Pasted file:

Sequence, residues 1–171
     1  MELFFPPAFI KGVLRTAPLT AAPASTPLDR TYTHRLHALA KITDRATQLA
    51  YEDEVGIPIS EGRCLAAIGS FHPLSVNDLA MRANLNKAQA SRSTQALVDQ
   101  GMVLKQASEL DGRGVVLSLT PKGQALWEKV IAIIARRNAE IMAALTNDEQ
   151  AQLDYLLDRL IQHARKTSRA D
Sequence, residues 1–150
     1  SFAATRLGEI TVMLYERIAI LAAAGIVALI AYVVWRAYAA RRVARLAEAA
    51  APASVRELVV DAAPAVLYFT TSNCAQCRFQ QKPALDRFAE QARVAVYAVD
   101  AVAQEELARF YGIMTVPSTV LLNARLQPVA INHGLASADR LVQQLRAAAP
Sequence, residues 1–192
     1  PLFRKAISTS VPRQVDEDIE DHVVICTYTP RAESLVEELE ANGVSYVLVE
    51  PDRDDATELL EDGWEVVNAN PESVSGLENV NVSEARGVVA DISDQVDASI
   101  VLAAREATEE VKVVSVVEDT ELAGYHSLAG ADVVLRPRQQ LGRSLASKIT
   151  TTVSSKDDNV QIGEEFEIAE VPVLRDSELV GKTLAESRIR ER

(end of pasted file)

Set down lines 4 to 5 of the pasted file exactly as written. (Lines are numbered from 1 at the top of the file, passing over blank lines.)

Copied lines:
   101  GMVLKQASEL DGRGVVLSLT PKGQALWEKV IAIIARRNAE IMAALTNDEQ
   151  AQLDYLLDRL IQHARKTSRA D